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THE DJCILT MISSOUBIAN, FBIDAT ETENIJfG, SEPTEMBER 7, 1917.
ATTRACTIVE FIRE PLACE IN THE TAVERN'S LOBBY
TA FERNS AND STAGE LINES
HERE IN THE EARLY DAYS
In the memories of two. of Colum
bia's oldest citizens there still burn
brightly recollections of the times
when all the hotels of the city and of
the county were taverns, not only
in name but in actuality. William
Mattocks, 83 years old, who lives al
1607 East Broadway on what is aclled
Gordon or Pyfer Hill, and James C.
Gillespie of 15 North Eighth street,
were residents of the city when there
was no railroad nearer than Jeffer
son City and when the "Wabash only
came as near as Mexico
There was very little in the Colum
bia of the days of '57 to remind Mr.
Mattocks of the prosperous city of
today. Columbia at that date claim
ed a scant 3,000 population and was
a city of the most rural type. Every
one in the town knew of the latest
arrivals by stage coach and every
death and fire was heralded by a
ringing of the bell on the court house.
Stories of the grandfathers of the
best citizens oMhe city came fluently
from the tongues of the two men as
they told of the hotels of youthful
Columbia and reminisced of the times
that are past.
Hotels In 'The Early Pays.
The history of the hotels of Colum
bia that the two men gave between
them goes back only as far as 1857,
the 3-ear that Mr. Mattacks came to
Columbia with his father from Vir
ginia. The history that came after
1SG3 was supplemented by Mr. Gilles
pie. Mr. Gillespie says, and probably
rightly, that there is no man in the
county that knows more of the
history of Columbia or of Boone
County, since that time than he.
According to Mr. Mattocks, there
were three small hotels when be
came here a young man. There were
at that time and there have been since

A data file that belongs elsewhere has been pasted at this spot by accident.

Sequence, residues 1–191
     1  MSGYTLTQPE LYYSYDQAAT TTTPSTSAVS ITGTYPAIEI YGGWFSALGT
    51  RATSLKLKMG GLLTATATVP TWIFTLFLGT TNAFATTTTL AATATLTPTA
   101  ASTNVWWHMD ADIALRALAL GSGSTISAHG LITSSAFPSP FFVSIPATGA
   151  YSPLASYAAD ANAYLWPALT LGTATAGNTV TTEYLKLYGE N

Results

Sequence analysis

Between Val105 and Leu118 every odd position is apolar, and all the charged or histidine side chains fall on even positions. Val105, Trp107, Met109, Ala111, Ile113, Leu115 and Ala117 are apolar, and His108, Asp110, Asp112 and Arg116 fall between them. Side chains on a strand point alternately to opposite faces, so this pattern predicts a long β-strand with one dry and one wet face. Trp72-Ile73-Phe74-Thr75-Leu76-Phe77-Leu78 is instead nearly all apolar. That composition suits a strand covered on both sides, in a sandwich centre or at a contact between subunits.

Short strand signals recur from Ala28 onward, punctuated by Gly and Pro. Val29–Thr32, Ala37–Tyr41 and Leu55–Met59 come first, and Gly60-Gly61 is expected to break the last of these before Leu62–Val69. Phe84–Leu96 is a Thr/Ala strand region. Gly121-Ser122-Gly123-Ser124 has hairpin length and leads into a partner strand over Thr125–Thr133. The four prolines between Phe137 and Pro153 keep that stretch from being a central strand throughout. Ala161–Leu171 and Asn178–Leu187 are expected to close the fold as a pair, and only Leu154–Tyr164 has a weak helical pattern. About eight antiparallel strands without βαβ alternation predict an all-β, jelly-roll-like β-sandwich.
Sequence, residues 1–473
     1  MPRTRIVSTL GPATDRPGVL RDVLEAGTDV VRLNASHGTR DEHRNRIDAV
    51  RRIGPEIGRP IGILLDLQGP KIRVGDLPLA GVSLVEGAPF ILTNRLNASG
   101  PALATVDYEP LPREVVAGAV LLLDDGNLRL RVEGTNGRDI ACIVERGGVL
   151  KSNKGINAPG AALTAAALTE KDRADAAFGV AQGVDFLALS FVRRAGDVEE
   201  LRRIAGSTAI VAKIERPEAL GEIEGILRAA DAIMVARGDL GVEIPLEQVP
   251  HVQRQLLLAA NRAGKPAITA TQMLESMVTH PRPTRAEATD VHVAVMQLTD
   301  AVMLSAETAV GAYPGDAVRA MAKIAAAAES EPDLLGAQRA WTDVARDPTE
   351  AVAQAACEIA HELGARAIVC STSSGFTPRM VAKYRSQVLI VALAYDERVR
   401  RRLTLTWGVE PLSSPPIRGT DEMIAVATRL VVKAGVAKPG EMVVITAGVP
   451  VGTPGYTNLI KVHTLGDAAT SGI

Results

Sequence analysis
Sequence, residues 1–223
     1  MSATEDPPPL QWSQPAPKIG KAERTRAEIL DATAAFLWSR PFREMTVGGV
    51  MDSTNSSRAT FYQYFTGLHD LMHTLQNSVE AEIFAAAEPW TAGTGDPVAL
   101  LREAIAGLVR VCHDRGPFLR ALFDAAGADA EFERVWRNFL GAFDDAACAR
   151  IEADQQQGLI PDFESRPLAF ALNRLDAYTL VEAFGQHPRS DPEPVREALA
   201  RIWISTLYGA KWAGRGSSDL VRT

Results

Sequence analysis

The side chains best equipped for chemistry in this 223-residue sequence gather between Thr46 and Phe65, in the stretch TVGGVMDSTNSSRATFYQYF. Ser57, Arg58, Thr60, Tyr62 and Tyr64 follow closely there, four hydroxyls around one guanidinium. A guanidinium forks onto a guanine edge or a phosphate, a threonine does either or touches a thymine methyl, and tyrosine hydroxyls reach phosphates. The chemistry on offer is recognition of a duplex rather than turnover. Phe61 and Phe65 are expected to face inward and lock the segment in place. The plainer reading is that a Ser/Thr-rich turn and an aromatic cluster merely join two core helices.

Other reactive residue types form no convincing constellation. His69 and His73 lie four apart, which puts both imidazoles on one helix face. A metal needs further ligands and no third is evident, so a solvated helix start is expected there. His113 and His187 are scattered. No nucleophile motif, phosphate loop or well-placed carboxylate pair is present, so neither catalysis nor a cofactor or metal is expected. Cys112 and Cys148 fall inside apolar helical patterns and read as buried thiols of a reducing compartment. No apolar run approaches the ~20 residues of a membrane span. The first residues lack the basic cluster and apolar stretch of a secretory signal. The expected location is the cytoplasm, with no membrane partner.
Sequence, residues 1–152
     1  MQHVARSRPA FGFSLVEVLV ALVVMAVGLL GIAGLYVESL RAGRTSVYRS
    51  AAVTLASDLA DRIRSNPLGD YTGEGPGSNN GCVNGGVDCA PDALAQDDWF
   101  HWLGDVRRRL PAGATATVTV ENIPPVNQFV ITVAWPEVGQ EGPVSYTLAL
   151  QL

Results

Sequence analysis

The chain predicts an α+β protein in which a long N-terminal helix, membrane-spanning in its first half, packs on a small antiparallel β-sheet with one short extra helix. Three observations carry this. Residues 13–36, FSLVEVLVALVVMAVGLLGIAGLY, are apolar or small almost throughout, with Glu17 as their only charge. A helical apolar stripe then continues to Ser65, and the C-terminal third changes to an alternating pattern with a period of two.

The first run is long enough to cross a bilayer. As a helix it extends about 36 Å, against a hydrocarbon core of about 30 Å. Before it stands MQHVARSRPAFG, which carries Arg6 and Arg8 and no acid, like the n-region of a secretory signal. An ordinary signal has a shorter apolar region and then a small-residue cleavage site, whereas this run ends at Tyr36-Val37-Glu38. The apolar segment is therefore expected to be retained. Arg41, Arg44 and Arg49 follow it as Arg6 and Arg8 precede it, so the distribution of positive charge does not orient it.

many boarding houses and near-hotels
of which he makes no mention in his
The City Hotel, kept by Tom Selbie,
was perhaps the most famous of the
time. It stood where the Guitar
Building stands today. On the site
of the new bank building was another
tavern owned by John David Van
Horn, the father of the David Van
Horn, who owns the grocery store at
the corner of Seventh street and
Broadway. This hostelry soon went
out of business. The other was just a
few doors west, called the "Brick
Hotel" kept by James Richardson,
commonly known as "Jimmie" Rich
ardson. City Hotel a Large Place.
In the memory of Judge Gillespie, the
"Brick Hotel was managed by "Dick"
Leonard, Lishlighter and Bennett, and
was then purchased from Richardson
by "William B. Quisenberry.
The City Hotel as described by Mr.
Gillespie, was a large frame building
the largest tavern in Missouri at that
''me outside of St. Louis sitting in
the middle of a lot a block deep ex
tending back to Ninth street. After
the death of Mr. Selbie, which oc
curred a short time after Mr. Mattocks
came here, his widow took charge
of the tavern and ran it for quite
a number of years with the aid
of a large number of slaves. In near
ly all the taverns at that time, accord
ing to Judge Gillespie, the work was
done by slaves or by negroes that had
been recently freed.
Incident of a Xegro Festival.
In a slight deviation from the
history of hotels. Judge Gillespie told
of an incident at a negro festival
held on Guitar street early in 1864.
Lewis Selbie was one of the waiters
in the City Hotel, sharing the waiting
work with another negro, named Abe.
Lewis Gordon was a powerful black
man of a very responsible nature
and had been appointed marshal for
the festival. Lewis Selbie, said Mr.
Gillespie got drunk. Gordon, in his
official capacity, remonstrated with
him and was hit on the head with a
brickbat that Selbie pulled from his
pocket. Gordon nearly lost his life
and the rest, of his life he had a large
dent in the top of his head to re
member the occasion. Selbie left
town hastily that night and was never
seen here again. Several years later,
said Judge Gillespie, he saw Lewis in
the role of a porter on the Great
Returning to the Columbia's hotel
history, the judge described the loca
tion of the City Hotel more exactly.